Dislocaterd shoulder diagramA dislocation of the shoulder (glenohumeral joint) occurs when the ball of the joint is forced out of its socket damaging associated soft tissues in the process.

The shoulder joint comprises of a large diameter ball in a shallow socket. The joint relies on the action of the four supporting muscles– Supraspinatus, Infraspinatus, Subscapularis and Teres Minor – which form the Rotator Cuff and which allow movement to take place.

Due to it’s structure and the large range of movements that are available at the shoulder joint, it can be relatively easily dislocated typically in contact sports or by a fall on the outstretched arm.

Dependant on the exact type of trauma, the head of the humerus bone can dislocate anteriorly or posteriorly. The dislocation is generally reduced under anaesthetic (put back in joint) and the shoulder is immobilised in a sling for a short period of time before rehabilitation is commenced.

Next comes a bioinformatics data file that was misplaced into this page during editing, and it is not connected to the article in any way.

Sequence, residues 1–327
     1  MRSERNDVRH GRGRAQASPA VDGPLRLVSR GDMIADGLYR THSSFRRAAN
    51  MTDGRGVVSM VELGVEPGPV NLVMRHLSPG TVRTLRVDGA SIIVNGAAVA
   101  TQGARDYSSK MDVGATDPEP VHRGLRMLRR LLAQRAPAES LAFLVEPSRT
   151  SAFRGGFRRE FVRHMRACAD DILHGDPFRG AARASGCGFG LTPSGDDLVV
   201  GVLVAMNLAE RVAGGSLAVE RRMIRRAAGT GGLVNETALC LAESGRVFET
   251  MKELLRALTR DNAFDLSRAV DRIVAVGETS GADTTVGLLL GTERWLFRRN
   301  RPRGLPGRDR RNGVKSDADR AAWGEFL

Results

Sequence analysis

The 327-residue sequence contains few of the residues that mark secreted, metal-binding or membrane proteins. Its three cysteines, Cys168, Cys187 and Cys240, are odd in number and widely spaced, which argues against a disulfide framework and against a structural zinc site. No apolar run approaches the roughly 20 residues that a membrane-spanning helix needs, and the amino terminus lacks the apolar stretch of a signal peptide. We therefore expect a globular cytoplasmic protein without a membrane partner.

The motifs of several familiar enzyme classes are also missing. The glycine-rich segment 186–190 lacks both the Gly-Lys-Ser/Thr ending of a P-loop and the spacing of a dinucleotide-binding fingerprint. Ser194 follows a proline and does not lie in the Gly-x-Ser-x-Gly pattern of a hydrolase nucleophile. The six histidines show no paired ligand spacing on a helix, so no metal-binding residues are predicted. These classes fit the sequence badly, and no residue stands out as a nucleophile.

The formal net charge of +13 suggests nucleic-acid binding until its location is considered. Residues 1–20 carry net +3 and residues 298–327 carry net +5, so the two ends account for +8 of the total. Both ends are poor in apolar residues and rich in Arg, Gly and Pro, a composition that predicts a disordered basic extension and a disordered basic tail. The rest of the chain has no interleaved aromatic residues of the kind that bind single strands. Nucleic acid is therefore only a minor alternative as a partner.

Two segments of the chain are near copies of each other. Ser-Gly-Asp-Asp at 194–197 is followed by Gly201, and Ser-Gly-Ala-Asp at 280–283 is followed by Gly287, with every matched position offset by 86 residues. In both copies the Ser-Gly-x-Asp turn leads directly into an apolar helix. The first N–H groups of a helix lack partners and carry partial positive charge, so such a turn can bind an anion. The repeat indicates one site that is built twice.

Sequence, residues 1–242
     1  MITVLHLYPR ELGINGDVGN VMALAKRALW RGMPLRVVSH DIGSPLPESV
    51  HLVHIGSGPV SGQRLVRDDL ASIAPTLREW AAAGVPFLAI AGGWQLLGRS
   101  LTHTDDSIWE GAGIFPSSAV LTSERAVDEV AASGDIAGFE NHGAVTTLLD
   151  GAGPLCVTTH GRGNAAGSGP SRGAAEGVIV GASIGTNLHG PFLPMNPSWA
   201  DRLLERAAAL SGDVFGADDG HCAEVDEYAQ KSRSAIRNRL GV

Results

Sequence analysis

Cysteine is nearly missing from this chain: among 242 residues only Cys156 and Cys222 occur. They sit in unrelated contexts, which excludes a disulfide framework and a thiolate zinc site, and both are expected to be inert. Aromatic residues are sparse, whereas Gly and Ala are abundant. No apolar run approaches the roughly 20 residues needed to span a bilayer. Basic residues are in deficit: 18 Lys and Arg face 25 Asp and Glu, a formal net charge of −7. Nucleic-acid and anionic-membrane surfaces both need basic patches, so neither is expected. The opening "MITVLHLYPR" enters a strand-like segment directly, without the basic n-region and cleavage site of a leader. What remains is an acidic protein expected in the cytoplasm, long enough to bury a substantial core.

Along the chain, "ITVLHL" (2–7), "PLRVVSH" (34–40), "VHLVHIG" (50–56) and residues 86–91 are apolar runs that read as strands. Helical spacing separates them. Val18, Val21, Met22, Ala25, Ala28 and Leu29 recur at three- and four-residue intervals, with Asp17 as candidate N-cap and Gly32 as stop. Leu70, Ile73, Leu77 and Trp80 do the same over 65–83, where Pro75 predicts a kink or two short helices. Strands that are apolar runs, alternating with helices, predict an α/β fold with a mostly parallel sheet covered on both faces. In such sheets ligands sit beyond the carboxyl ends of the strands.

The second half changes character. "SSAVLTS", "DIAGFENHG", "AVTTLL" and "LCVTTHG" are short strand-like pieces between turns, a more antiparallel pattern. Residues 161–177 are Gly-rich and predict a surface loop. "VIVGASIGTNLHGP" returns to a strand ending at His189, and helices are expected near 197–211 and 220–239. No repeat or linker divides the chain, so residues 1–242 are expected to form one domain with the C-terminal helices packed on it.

Physiotherapy treatment to the dislocated shoulder will comprise of gentle mobilisation to restore movement and functional strengtheningto reduce the risk of recurrent dislocation.

In some cases where the dislocation has become recurrent, surgery may be required to stabilise the joint after which an extensive Rehabilitation Programme will be required to restore full function to the shoulder. We will work closely with your specialist in these cases to ensure optimal, safe recovery.

Call David Roberts Now and get started with your Dislocated Shoulder Rehab Program.


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